As evictions from privatised asylum housing continue, important new legal challenges are being mounted in the courts.
On Monday 28 January the latest round of the Glasgow evictions saga which began two years ago took place in the Glasgow Sheriff Court. At a hearing adjourned from October 2012, Scottish homelessness charity Ypeople (formerly the YMCA) sought to evict the remaining refused refugees in its properties, prior to handing over to new contract-holder Serco. But as Glasgow Campaign to Welcome Refugees (GCtWR), trade unions and other campaigning organisations squeezed in to the smallest courtroom in the building, they heard a number of cases adjourned until April, to enable full legal argument to take place on the legality of government policy of using destitution as a deterrent.
Until Serco was awarded the contract to house asylum seekers in Scotland in February 2012, Ypeople’s policy was not to create more homelessness by evicting refused asylum seekers. But as Serco began evictions very soon after the takeover, some 80 people who had been housed by Ypeople at its own expense following refusal of their asylum claims also received eviction notices. Following a public outcry, Ypeople worked with the Scottish Refugee Council and the City Council to ensure that the most vulnerable were accommodated.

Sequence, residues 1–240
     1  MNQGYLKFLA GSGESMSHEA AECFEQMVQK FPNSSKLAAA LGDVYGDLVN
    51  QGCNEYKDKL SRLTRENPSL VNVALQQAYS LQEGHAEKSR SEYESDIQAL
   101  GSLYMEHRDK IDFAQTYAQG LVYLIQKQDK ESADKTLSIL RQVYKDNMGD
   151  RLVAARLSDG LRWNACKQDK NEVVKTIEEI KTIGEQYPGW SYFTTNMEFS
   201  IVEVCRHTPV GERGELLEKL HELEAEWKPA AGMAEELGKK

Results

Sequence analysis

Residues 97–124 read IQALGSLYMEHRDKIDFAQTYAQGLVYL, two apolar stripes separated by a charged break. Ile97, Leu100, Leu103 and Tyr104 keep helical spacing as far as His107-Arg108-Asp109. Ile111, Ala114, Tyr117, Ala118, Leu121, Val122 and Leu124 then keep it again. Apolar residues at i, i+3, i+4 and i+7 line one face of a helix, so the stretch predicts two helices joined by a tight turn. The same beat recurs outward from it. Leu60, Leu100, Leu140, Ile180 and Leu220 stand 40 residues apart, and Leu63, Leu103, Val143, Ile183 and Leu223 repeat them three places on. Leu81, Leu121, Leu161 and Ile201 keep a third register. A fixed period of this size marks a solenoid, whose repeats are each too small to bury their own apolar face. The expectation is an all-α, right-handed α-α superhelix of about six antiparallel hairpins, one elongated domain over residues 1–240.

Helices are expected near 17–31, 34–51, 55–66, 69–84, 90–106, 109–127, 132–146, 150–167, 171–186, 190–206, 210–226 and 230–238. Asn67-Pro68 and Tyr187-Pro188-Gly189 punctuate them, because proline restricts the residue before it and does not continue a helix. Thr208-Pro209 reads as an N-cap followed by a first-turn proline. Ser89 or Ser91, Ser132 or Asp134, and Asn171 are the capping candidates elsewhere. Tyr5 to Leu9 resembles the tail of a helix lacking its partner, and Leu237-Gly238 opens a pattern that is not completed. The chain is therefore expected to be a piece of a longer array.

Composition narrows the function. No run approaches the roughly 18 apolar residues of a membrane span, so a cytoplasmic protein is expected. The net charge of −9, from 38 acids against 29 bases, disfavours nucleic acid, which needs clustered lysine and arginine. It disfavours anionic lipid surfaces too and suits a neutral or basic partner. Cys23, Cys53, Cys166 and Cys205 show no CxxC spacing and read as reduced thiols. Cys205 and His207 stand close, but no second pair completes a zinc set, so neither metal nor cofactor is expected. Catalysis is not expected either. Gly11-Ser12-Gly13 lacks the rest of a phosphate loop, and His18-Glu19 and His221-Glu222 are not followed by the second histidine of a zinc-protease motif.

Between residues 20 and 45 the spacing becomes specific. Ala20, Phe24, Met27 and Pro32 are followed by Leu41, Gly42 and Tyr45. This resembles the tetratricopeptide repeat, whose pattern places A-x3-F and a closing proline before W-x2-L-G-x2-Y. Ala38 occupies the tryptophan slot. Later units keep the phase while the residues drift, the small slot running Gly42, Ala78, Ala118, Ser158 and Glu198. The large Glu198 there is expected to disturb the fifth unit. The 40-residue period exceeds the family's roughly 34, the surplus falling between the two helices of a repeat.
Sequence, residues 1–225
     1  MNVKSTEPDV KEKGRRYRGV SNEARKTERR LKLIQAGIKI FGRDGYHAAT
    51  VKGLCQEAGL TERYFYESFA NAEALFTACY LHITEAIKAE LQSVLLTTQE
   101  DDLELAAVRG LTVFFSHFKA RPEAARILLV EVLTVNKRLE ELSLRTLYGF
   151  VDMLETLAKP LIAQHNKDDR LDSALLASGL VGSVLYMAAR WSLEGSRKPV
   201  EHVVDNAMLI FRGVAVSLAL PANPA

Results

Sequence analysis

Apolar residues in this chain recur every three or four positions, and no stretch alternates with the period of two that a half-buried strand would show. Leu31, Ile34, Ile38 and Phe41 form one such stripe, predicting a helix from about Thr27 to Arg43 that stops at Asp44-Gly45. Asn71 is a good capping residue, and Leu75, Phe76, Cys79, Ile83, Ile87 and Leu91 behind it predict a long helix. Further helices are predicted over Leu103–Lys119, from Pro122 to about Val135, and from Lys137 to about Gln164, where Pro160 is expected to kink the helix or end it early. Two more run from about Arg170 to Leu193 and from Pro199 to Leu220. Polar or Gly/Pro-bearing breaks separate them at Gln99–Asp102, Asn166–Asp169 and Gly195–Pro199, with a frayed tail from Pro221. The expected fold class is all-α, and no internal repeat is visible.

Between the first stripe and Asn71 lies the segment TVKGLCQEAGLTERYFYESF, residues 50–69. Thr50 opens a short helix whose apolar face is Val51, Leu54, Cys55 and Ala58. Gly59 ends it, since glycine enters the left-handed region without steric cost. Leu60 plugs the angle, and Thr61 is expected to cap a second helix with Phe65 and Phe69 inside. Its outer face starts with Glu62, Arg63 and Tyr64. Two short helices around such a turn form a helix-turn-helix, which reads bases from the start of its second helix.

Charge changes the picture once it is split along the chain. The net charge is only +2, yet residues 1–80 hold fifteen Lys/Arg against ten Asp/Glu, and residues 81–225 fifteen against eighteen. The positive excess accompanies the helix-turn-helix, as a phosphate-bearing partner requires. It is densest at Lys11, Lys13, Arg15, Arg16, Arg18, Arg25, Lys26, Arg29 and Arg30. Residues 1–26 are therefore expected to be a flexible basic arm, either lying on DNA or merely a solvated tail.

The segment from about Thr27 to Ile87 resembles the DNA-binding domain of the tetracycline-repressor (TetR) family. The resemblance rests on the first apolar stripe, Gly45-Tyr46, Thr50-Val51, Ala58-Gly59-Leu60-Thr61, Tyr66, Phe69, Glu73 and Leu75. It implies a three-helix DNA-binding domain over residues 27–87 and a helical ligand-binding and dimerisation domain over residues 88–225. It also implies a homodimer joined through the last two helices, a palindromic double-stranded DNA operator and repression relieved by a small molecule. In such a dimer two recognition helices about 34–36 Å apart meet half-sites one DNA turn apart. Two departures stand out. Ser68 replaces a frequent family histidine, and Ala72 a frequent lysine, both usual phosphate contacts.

The evictions reached the court in October 2012, when they were widely expected to go through without opposition. But unusually, a number of the asylum seekers were represented by lawyers, who raised arguments that evictions would breach human rights law if they jeopardised physical or mental health. Their cases were held over until January. In advance of that hearing, trade unions including Unite and the Fire Brigades Union, and Green Party representatives voiced their support for the asylum seekers. Green Party Councillor Martha Wardrop said forced homelessness and destitution ‘should not be tolerated’, while the FBU and Unite spokespersons said the policy of deliberate destitution shamed all in public life who co-operate or refuse to condemn it.
At the January hearing, at which the cases were adjourned to 16 April, there was doubt as to who the landlord was – whether Ypeople were still landlords or whether it was now Serco or its accommodation provider, the huge private property company Orchard and Shipman. GCtWR chair Jock Morris said the group, and lawyers acting for the asylum seekers, would be asking for the adjourned hearing to take place in a larger courtroom, in view of the public interest involved. The case could set a precedent in holding private accommodation providers who perform public contracts to the human rights standards expected of the public sector, and in preventing the eviction of the vulnerable no matter what their status.
Read an IRR News story: ‘Glasgow: the evictions begin’
Read an IRR News story: ‘Solidarity with asylum seekers facing eviction’